2.1: Prelude to Structure and Function

“The man who does not read good books has no advantage over the man who cannot read them.” Mark Twain

In this chapter, we will examine the structures of the major classes of biomolecules, with an eye to understanding how these structures relate to function.

As noted earlier, water is the most abundant molecule in cells, and provides the aqueous environment in which cellular chemistry happens. Dissolved in this water are ions including sodium, potassium and calcium. But the distinctiveness of biochemistry derives from the vast numbers of complex, large, carbon compounds, that are made by living cells.

You have probably learned that the major classes of biological molecules are proteins, nucleic acids, carbohydrates and lipids. The first three of these major groups are that are built as long polymers made up of smaller subunits or monomers, like strings of beads. The lipids, while not chains of monomers, also have smaller subunits that are assembled in various ways to make the lipid components of cells, including membranes. The chemical properties and three dimensional conformations of these molecules determine all the molecular interactions upon which life depends. Whether building structures within cells, transferring information, or catalyzing reactions, the activities of biomolecules are governed by their structures. The properties and shapes of macromolecules, in turn, depend on the subunits of which they are built.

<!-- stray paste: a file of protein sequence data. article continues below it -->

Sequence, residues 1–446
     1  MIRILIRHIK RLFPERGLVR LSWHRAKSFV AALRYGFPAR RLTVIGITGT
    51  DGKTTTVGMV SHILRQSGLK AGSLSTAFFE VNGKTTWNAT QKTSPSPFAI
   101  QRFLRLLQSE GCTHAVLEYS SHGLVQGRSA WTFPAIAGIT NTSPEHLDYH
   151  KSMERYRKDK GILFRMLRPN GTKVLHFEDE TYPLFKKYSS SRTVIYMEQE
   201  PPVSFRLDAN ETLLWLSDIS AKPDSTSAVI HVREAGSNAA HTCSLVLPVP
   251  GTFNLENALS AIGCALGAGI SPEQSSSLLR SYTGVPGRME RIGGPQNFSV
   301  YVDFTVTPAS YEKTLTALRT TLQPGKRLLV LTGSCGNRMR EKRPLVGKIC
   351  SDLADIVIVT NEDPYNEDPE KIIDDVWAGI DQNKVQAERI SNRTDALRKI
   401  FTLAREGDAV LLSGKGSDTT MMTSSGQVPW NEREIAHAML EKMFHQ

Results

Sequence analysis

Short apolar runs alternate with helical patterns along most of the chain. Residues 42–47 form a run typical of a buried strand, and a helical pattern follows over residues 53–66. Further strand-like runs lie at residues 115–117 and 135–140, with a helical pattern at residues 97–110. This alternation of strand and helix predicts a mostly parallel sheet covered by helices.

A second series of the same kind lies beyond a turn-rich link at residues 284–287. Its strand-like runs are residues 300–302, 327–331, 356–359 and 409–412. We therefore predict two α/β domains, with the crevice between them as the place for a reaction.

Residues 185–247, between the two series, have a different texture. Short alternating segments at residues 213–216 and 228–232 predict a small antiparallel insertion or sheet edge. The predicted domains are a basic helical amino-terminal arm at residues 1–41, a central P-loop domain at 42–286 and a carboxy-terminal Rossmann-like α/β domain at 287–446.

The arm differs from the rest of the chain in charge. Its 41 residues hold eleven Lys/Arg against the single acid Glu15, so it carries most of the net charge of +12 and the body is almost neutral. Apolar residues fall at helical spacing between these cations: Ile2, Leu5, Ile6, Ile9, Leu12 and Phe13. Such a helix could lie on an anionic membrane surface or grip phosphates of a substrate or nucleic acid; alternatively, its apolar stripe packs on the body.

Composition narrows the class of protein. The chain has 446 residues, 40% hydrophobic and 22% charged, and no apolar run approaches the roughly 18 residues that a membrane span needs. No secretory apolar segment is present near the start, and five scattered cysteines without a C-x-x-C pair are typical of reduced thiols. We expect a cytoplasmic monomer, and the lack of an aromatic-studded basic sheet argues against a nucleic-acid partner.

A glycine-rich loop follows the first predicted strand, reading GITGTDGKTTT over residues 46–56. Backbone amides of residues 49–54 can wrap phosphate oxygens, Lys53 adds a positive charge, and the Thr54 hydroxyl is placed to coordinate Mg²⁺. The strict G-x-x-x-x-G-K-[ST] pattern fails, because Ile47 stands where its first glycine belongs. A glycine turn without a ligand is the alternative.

Interactive 2.1: The enzyme Hexokinase: as for all enzymes, the activity of hexokinase depends on its structure. Protein Database (PDB)

We will begin our more detailed examinations of biochemicals by considering proteins. Later we will return to consider the structures of the other biomolecules mentioned here.


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Introductory Biochemistry by Carol Higginbotham is licensed under a Creative Commons Attribution-NonCommercial-ShareAlike 4.0 International License, except where otherwise noted.

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